Padkos: Pan-African Heritage of Struggle – Firoze Manji on Amilcar Cabral (24 September)

Church Land Programme is privileged to host Firoze Manji on Heritage Day, 24th September, from 10:30am till lunchtime at the CLP office.

Firoze Manji, of the Pan-African Baraza, has recently co-edited an amazing book on Amilcar Cabral – “revolutionary, poet, liberation philosopher, and leader of the independence movement of Guinea Bissau and Cape Verde” (Manji, 2013). Based on that new book, Claim No Easy Victories: The Legacy of Amilcar Cabral (co-edited with Bill Fletcher Jr. and published to mark the 40th anniversary of Cabral’s assassination), Firoze will share some thoughts on the heritage of Cabral’s political thought and praxis for us here and now.  Firoze and his colleagues have been gracious hosts and key supporters of emancipatory struggles from our corner of the African continent, and it’s a real pleasure to re-connect with him.

Kenyan-born Firoze Manji is a strong, thoughtful advocate and organiser of a progressive pan-africanism, rooted in long traditions of pan-african thought and popular struggle. Manji currently works with ThoughtWorks as director of the Pan-African Baraza. Prior to this, he was based in Dakar as head of the documentation and information centre of the Council for the Development of Social Science Research in Africa (CODESRIA). Many of us will remember him as the founder and former editor-in-chief of the prize-winning pan-African social justice newsletter and website, Pambazuka News, and he was the founder and former executive director of Fahamu – Networks for Social Justice, a pan-African organisation with bases in Kenya, Senegal, South Africa and the UK.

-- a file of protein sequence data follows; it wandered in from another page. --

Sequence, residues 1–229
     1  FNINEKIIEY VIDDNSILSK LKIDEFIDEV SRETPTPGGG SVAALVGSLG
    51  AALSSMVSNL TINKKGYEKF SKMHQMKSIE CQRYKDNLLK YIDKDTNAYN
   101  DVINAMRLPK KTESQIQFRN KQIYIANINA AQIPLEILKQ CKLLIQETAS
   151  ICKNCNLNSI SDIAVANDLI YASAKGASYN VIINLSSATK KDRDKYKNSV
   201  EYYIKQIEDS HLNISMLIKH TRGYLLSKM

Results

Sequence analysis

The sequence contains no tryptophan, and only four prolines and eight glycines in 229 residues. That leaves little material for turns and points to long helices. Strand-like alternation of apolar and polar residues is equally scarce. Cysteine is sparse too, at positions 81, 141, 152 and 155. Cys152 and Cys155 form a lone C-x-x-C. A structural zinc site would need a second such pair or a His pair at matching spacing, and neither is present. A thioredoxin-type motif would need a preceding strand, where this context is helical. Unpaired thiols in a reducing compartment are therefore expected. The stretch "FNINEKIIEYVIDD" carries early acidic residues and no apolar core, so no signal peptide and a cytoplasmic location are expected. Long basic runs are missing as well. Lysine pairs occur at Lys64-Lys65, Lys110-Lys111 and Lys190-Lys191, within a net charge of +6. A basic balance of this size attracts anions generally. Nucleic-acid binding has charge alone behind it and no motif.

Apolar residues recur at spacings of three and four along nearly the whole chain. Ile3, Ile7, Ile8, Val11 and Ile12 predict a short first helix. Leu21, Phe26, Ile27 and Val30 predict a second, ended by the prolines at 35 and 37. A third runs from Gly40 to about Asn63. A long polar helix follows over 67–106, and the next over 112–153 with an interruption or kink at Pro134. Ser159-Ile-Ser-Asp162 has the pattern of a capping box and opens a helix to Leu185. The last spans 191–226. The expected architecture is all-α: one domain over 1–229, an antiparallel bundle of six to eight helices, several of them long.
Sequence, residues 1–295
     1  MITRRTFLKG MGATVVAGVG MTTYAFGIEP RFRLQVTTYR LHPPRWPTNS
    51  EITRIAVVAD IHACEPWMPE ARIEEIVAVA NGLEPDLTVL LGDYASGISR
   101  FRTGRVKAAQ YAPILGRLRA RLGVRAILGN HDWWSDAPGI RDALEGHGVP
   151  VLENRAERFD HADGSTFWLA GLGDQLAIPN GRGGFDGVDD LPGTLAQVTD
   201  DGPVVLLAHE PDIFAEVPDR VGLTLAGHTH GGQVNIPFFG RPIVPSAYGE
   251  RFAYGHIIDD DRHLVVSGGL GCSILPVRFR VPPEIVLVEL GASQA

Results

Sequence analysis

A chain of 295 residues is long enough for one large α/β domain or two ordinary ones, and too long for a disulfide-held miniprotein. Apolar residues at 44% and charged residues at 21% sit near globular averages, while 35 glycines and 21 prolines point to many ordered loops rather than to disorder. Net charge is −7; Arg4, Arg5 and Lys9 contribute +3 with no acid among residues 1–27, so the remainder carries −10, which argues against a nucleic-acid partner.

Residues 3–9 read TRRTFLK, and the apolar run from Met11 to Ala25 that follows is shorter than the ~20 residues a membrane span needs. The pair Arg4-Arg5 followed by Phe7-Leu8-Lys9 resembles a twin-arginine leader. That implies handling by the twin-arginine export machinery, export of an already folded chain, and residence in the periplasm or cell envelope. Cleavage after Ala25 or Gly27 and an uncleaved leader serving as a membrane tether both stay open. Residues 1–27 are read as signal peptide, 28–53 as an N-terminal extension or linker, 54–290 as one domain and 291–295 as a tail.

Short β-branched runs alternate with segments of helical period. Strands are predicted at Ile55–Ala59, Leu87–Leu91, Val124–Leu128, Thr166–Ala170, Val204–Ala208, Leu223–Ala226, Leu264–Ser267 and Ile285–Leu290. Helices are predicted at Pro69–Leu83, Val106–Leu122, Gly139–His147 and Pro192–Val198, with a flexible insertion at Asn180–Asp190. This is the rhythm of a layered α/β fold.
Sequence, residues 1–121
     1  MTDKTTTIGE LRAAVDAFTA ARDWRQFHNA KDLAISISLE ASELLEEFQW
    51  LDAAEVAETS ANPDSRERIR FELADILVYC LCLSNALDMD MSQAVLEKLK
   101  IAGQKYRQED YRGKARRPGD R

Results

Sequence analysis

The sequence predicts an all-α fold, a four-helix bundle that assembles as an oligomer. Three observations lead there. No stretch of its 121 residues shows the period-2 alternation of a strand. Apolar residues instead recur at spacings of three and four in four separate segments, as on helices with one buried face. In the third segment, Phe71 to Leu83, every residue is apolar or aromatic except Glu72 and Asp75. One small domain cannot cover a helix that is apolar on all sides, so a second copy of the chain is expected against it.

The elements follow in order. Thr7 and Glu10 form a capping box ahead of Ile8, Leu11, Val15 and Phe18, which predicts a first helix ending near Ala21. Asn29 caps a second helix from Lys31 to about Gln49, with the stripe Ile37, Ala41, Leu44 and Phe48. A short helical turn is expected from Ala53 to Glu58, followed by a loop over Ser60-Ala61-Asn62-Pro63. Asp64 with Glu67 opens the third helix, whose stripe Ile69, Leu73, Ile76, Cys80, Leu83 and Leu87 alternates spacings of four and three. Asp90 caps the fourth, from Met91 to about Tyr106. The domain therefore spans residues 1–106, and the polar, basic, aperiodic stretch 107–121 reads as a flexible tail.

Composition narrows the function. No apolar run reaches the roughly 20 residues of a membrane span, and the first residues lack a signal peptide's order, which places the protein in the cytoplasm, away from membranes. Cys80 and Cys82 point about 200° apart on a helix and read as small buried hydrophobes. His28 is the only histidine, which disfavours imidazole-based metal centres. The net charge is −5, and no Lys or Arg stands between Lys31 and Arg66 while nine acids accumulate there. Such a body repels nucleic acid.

We look forward to seeing you all on Heritage Day for good conversations, music, food and drink. In the meantime, snack on the attached padkos serving. Here Firoze responds to a question he was asked recently on Sahara TV: “”Why have there been so many despotic governments in Africa since independence? Is there something about Africa that leads to undemocratic regimes?”

In a way that resonates strongly with our own thinking about a politics ‘at-a-distance’ from the state, Manji’s answer points out that post-independence states tended to leave the basic colonial structures, powers and coercive machinery, largely untouched. He concludes that the memory of those revolutionary thinkers, like Cabral and others, who insisted on fundamental transformation rather than simply occupying existing structures of power, resonates in recent struggles – for example, “in the early months of the revolutions in Tunisia and Egypt, … were the beginnings of processes that signalled the potential of alternative forms of state power”.

Note that Firoze Manji will also address an informal gathering hosted by the Paulo Freire Project at 4pm on Tuesday 23rd at the University Club.


Manji: Despotic governments in Africa

Introduction to Amílcar Cabral (English & Zulu)

The Legacy of Amilcar Cabral